Sliced cheese. Some kind of cheddar is good, but brie or provolone would be excellent, as will just about any cheese you have on hand
Thick sliced bread
Butter
Mustard or piccalilli

• Layer one slice of bread with ham and cheese. Spread a good layer of mustard or piccalilli on the other piece of bread and place it on top of cheese to form a “sandwich”
• Butter the top piece of bread on the outside. Mental
• Place butter side of sandwich down in a pan over medium heat. While that side is sizzling away butter the side of bread that is facing up
• Cook “sandwich” for 2-3 minutes each side, pressing down once or twice with a spatula
• It’s going to burn your mouth if you eat it straight away, but try letting one of the bad boys cool down

And please remember; Ham – it’s not just for Christmas, it’s for life.

The Twelve Days of Christmas (Ham Leftovers)… Cheesy Ham Potato Cakes

ham and cheese potato cakes
When I first set out on this little mission I thought I would have enough ham leftover for the twelve days of Christmas ham posts I intended to write about. But, as the ham stocks have dwindled away to a shadow of their former self already, I think you’re only going to see the good end of another few of these posts at best.

Oh well.

These little packages of cheesy, hammy, potatoey love were a revelation. When this idea popped into my head the heavens opened and the holy angels sang… and danced. They were fully rocking out to some old Marvin Gaye. Getting their groove on. I suspected that’s what would be going on up there…

My smart brain got down to business and nurtured the evolution from the timeless ham and cheese sandwich, working out the finer details of how said ham and cheese sandwich would reach my mouth in a crisp bread coated, soft potato centered, bronzed bodied form, and straight into the history books as a retro classic.

And then it was onto condiments. I have said previously that I am a lover of condiments and this was not a lie. Condiments are my real-life favourite, so you could understand my elation when my same smart brain realised that both piccalilli and mayo have a loving home on a ham and cheese sandy so we should possibly combine the two like some kind of mongrel tartare and serve it with our cheesy ham potato cakes. OH DEAR GOOD LORD. What a revelation this was!

Try it. That’s all I can say…

Put it all together in a big bowl and mixy mixy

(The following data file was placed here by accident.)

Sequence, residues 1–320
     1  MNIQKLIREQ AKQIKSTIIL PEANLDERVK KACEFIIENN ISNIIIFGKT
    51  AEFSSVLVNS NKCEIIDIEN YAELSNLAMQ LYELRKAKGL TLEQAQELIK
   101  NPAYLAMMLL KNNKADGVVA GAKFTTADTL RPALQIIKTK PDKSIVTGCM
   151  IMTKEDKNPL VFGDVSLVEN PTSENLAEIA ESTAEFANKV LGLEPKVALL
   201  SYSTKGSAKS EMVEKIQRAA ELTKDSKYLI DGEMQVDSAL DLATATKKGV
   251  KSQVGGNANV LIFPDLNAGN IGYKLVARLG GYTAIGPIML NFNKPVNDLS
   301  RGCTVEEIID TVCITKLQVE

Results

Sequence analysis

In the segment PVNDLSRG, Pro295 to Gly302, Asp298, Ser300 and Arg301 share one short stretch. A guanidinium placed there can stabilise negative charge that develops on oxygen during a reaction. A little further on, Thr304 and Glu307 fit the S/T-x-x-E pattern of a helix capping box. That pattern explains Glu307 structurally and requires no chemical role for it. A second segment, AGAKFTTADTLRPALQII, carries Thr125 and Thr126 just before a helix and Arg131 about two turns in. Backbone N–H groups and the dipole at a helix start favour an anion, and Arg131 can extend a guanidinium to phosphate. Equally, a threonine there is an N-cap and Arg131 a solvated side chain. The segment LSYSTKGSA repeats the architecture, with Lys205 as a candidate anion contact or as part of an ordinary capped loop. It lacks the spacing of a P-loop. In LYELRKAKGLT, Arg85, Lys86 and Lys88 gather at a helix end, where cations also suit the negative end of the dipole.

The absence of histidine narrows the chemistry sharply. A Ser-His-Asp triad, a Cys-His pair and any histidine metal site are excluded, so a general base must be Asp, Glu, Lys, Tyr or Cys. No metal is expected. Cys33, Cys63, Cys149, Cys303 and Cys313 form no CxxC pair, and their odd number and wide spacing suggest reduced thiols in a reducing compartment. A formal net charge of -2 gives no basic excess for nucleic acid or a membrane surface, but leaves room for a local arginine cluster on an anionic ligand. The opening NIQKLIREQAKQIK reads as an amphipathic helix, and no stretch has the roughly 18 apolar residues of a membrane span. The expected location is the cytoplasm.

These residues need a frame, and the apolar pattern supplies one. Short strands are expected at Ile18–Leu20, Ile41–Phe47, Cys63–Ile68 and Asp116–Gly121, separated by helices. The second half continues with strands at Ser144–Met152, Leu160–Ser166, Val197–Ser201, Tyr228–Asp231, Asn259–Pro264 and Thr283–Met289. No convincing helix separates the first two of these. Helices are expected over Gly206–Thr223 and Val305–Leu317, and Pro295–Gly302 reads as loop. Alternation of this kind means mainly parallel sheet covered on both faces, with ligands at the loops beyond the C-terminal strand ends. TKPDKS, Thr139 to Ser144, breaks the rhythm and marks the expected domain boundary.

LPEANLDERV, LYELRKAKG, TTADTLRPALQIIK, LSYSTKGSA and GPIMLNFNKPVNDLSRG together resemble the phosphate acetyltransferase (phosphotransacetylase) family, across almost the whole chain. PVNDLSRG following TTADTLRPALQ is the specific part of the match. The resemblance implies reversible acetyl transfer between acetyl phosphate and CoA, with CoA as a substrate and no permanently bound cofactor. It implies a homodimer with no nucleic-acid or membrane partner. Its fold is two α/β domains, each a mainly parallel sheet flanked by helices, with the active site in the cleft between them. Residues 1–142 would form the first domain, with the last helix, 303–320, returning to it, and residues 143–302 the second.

Put it all together in a big bowl and mixy mixy
Once fried drain on absorbent paper and then get them into your belly
Once fried drain on absorbent paper and then get them into your belly

CHEESY HAM POTATO CAKES (serves 4-6. 4 is probably good because it’s pretty hard to stop eating them)

3 cups of mashed potato (I got that from 2 large potatoes)
2-3 cups diced Christmas ham
1 cup grated Wensleydale or good cheddar or something that looks like cheese
½ whatever onion, small dice
1 tablespoon of your favourite mustard
1 egg, plus another for crumbing
Salt and pepper
A crumbing station (flour, eggwash and breadcrumbs – bought or whack any leftover bread in the food processer to make your own)
Oil for frying
Piccallili mayo to serve (recipe below)

• Combine all ingredients except the crumbing station, and mix thoroughly
• Check seasoning
• Form mix into 15-16 potato cakes. You can press them into a small cookie cutter if you want them to be shmicko (you could make these half size for a cracking finger food type thing or bar snack while you watch whatever it is you watch on TV)
• Crumb the potato cakes by first dredging them through flour, then eggwash and then breadcrumbs
• Heat a good splash of oil in a pan over medium heat. Add potato cakes and fry for 2-3 minutes each side or until golden brown
• Serve with piccallili mayo and a nice little salad of things you found in your neighbours garden

PICCALILLI MAYO

½ cup good quality mayo or aioli
½ cup piccalilli, mustard pickles or cauliflower pickles… the yellow stuff

• Combine in a bowl and mix thoroughly
• You’re done
• Pat yourself on the back